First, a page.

Ethical Issues of Big Pharma Sales Reps and Doctors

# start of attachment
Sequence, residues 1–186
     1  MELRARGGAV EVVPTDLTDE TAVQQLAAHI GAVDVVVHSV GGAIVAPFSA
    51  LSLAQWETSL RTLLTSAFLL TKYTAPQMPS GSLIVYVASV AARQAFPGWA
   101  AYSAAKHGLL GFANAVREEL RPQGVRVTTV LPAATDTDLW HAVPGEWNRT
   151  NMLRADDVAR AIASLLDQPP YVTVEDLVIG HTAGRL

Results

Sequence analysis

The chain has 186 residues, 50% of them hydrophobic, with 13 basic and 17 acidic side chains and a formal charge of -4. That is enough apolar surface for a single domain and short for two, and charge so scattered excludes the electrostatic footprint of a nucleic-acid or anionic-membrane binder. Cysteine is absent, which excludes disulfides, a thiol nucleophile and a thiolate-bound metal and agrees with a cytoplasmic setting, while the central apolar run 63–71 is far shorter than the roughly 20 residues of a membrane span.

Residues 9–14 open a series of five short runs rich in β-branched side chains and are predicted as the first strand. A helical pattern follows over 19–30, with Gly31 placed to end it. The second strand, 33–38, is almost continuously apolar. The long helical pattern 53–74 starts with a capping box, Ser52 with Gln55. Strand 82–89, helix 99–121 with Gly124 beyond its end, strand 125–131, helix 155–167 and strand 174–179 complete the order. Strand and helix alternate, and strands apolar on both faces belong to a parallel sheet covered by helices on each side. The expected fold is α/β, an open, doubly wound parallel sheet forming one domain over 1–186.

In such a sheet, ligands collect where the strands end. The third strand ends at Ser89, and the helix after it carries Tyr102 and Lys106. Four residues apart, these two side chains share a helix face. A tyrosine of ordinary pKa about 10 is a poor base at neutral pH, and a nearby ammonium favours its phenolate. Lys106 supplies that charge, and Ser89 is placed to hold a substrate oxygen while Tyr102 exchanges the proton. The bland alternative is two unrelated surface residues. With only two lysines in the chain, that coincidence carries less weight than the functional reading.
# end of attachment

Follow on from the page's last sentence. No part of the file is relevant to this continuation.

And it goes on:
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Ethical Issues of Big Pharma Sales Reps and Doctors Have you ever walked into your local doctor’s office and noticed sometime when you sign in that there is sometimes a pen with a drug company logo on it? Or have you waited in the exam room and looked around the room and noticed various Big Pharma logos around; typically on different posters and such the walls. If so, you doctor has been visited by a drug company sales rep. Pharmaceutical sales representatives (formerly detailman) are salespeople employed by pharmaceutical companies to persuade doctors to prescribe their drugs to patients. Drug companies in the United States spend ~$5 billion annually sending representatives to doctors, to provide product information, answer questions on product use, and deliver product samples. Companies maintain this provides an educational service by keeping doctors updated on the latest changes in medical science. Critics point to a systematic use of gifts and personal information (details) to befriend doctors to influence their drug prescriptions. Usually these sales reps come by to sale or to advertise their company’s drugs to the doctor for them to prescribe to their patients to use (Fugh-Berman & Ahari, 2007). Typically the sales reps will offer samples, and gifts to help get the doctors interest in what they are selling so that they will prescribe their drugs to us over other companies’ drugs, even if it is not in our best interest. The question I ask here today is this ok? Is it ok if these companies are allowed to persuade our doctors to sell us one drug over another? And if so, do we know if our doctors and the sale reps putting our best interests here ahead of their own interest? To better help us to understand a little more of what happens in the Pharma industry, here I have a sample writing from Ben Goldacre new book Big Pharma. Drugs are tested by the people
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